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OU Basketball: Oklahoma Fails to Answer Texas Tech's Late Charge

The No. 11 Sooners were unable to hold onto a seven-point lead with eight minutes remaining and dropped their second straight Big 12 contest in Norman.

NORMAN — Late-game execution did Oklahoma in against Texas Tech on Saturday.

The No 11-ranked Sooners, who built a seven point lead with just over eight minutes remaining, found themselves down to the visiting No. 20 Red Raiders late at the Lloyd Noble Center.

Despite grasping onto a one possession lead for most of the final two minutes, Texas Tech was able to knock down massive shots and get to the foul line, outlasting OU 85-84.

The rebounding and turnover battle ended virtually even, the Red Raiders made shot after shot.

Texas Tech (16-3, 5-1 Big 12) connected on 72 percent of field goals in the second half, and converted 16-of-19 attempts from the free throw line.

Oklahoma (15-5, 3-3) shot 51.5 percent from the floor itself, but the Sooners were unable to overcome a season-high nine missed free throws on Saturday.

“Everything matters in a one-point loss,” Sooners coach Porter Moser said after the game. “… Offensively we kept on answering the bell… It’s just — 72 percent in the second half defense and missing your free throws is very very tough to overcome against a top 20 team.”

Final Box Score

Final Box Score

OU had a number of good looks in the final two minutes.

Red Raiders guard Pop Issacs put his team up by three points from the stripe with 49 seconds left, and Milos Uzan created an open look for OU guard Javian McCollum to try and tie the game.

McCollum missed, but Otega Oweh drew a goal tend to cut the deficit back to one.

Joe Toussaint put Texas Tech back up by three again the next trip down, and it was Oweh’s turn to miss a runner, but Rivaldo Soares rebounded and converted a pair of free throws after drawing a foul.

The setup, however, for Oweh’s missed was bungled by the Sooners.

“They were at the free throw (line),” said Moser, “and we were like, ‘Last shot. Last shot. Start the action at 10 (seconds). Start the action at 10.’ We go down on the other end and they start the action at 19 (seconds). We're screaming, hold up, hold up, we want the last shot. We didn’t.”

Forced to foul again, finally Toussaint missed, giving OU the ball down two with 17 seconds left, but Uzan couldn’t get his look to fall to tie the game, finally dashing the Sooners’ hopes.

Before Oweh’s shot drew the goal tend, Oklahoma’s last field goal was Soares’ 3-pointer with 1:56 remaining.

Soares drained a meaningless shot at the buzzer, cutting the final margin of defeat to a single point.

The Sooners were unable to hold onto a lead that had built to nine points with 7:30 left in large part due to what they weren’t doing on the defensive end of the floor.

“It’s our issue with this team,” Moser said. “We got certain—some of us, we take the foot off the gas defensively. We keep fighting, and I don’t have 30 timeouts.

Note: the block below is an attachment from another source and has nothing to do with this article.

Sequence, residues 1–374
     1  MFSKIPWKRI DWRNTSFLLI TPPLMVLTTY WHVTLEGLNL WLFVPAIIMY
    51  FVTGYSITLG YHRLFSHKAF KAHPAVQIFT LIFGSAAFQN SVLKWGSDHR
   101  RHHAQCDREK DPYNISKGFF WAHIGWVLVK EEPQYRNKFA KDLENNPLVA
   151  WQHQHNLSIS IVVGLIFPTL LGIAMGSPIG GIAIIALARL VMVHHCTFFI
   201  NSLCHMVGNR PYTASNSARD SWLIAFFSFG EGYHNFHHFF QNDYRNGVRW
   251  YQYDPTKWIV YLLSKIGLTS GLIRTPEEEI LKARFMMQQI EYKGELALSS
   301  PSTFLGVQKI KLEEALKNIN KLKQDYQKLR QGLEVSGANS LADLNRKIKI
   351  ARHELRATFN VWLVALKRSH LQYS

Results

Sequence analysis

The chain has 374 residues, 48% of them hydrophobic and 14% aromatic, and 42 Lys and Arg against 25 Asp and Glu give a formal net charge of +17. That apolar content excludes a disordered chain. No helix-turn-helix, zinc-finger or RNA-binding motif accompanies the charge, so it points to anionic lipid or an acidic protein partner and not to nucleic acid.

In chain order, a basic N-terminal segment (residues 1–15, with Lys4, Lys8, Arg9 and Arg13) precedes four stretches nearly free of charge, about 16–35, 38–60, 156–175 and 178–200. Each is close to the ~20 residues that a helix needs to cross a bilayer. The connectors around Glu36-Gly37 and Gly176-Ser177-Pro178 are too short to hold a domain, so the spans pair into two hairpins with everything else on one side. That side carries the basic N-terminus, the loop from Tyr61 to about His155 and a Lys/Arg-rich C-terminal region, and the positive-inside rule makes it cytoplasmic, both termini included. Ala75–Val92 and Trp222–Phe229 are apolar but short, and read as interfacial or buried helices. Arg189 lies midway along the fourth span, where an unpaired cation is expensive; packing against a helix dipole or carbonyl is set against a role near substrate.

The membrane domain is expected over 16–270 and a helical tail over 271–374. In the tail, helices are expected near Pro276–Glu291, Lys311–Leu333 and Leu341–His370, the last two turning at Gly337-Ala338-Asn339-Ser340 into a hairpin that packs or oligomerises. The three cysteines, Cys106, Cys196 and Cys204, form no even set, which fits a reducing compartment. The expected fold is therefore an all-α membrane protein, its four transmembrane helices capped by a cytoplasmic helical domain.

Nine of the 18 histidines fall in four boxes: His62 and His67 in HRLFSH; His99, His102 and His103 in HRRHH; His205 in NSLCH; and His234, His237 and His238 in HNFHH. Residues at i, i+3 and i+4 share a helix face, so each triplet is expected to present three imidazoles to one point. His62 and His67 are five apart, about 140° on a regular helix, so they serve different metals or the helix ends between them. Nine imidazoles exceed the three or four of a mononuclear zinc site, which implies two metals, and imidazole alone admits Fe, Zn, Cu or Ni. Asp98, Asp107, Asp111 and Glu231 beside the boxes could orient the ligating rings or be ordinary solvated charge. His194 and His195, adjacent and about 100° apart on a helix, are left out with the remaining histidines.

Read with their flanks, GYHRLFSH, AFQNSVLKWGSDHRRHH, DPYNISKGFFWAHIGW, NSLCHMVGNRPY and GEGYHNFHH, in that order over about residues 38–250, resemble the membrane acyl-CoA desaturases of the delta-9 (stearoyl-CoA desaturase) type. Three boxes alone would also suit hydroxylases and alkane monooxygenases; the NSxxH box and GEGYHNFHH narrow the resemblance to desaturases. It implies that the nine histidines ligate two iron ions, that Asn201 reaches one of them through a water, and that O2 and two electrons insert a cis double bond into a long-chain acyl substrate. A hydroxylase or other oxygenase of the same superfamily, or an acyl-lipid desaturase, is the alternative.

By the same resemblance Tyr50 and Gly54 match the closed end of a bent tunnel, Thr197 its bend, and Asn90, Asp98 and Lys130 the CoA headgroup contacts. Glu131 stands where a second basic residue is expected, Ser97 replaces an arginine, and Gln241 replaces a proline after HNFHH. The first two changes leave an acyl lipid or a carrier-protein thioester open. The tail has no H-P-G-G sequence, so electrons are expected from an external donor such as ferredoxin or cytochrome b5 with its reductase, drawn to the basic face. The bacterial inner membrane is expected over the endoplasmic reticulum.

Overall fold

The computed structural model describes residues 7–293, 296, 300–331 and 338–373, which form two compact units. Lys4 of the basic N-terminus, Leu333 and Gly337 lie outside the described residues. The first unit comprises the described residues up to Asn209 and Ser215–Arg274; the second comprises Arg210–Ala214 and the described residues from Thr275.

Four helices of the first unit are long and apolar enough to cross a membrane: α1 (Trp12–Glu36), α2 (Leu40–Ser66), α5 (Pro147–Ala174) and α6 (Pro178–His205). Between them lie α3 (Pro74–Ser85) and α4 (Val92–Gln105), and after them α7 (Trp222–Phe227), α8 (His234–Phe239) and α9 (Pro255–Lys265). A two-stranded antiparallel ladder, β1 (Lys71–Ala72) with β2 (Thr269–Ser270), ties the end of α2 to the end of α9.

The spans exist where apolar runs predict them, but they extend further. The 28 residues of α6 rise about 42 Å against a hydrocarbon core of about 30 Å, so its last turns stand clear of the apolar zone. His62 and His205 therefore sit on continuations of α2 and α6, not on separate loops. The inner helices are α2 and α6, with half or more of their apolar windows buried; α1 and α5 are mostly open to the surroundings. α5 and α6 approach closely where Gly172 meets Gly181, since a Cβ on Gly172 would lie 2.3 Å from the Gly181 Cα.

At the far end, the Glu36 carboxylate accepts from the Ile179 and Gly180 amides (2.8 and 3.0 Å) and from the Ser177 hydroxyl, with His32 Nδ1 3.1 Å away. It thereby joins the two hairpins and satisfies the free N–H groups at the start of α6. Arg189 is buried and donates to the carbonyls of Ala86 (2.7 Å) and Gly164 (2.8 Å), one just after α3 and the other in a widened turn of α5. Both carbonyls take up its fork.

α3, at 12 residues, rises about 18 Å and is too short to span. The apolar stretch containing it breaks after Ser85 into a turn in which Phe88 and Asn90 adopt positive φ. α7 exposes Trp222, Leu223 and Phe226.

“… I thought offensively, you told me we'd have scored 85, 84 points. I thought we did some really good things, man. Some really good things offensively time and time again against an elite defensive team. And our second half defense got us.”

Chance McMillian was the Oklahoma killer Saturday, hitting flying 3’s and tough shots in traffic to finish with 27 points on 10-of-13 shooting, including an unconscious 6-of-8 night from deep, and eight rebounds.

The Sooners got a balanced scoring night in the loss.

Soares ended with 19 points and 10 rebounds, and Oweh (14 points), Sam Godwin (13) and uzan (13) all scored double figures.

McCollum had a hot start, hitting two early 3’s after a tough night against Texas, but he finished with seven points on 2-of-11 shooting from the floor.

As has become the norm in Big 12 play, the Sooners had to dig themselves out of a big hole early.

Texas Tech built a 17-9 lead, but then OU locked in defensively.

Grant McCasland’s Red Raiders were held scoreless for 7:23, allowing Oklahoma to claw its way back into the game.

Jalon Moore hit a 3 to pull Oklahoma within three, and then Javian McCollum drained his second shot of the afternoon from beyond the arc, finishing through an aggressive closeout in front of Texas Tech’s bench to draw a foul.

He closed out the four-point play at the free throw line, putting OU back on top 18-17.

Oklahoma then got another stop, and John Hugley IV was left open for a 3 of his own to get the Lloyd Noble Center crowd fully back into the game.

From there, a strong stretch from Rivaldo Soares helped the Sooners carry a 34-33 advantage into the break.

Oklahoma’s seven-point scoring spurt just before the eight-minute mark, punctuated by Otega Oweh uncorking a monster transition dunk, put a little daylight between the Sooners and the Red Raiders, but it wasn’t a knockout punch.

McMillian finished through contact late, completing the three-point play with 3:54 left to cut OU’s lead to just a single point, leading to the tight closing moments of the contest.

“This is a locker room that’s hurting right now,” Moser said. “They are crushed in there… I couldn’t have asked for them to respond better against Texas. I can tell you they responded every which way you’d want young men to respond.

“… And that’s what gives me absolute passion to know that we still can build wins on this thing because our schedule is so tough. You’re going to get great opportunities to win.”

Now, Oklahoma will have to break its losing streak on the road.

The Sooners head to Manhattan to take on Kansas State on Tuesday at 7 p.m.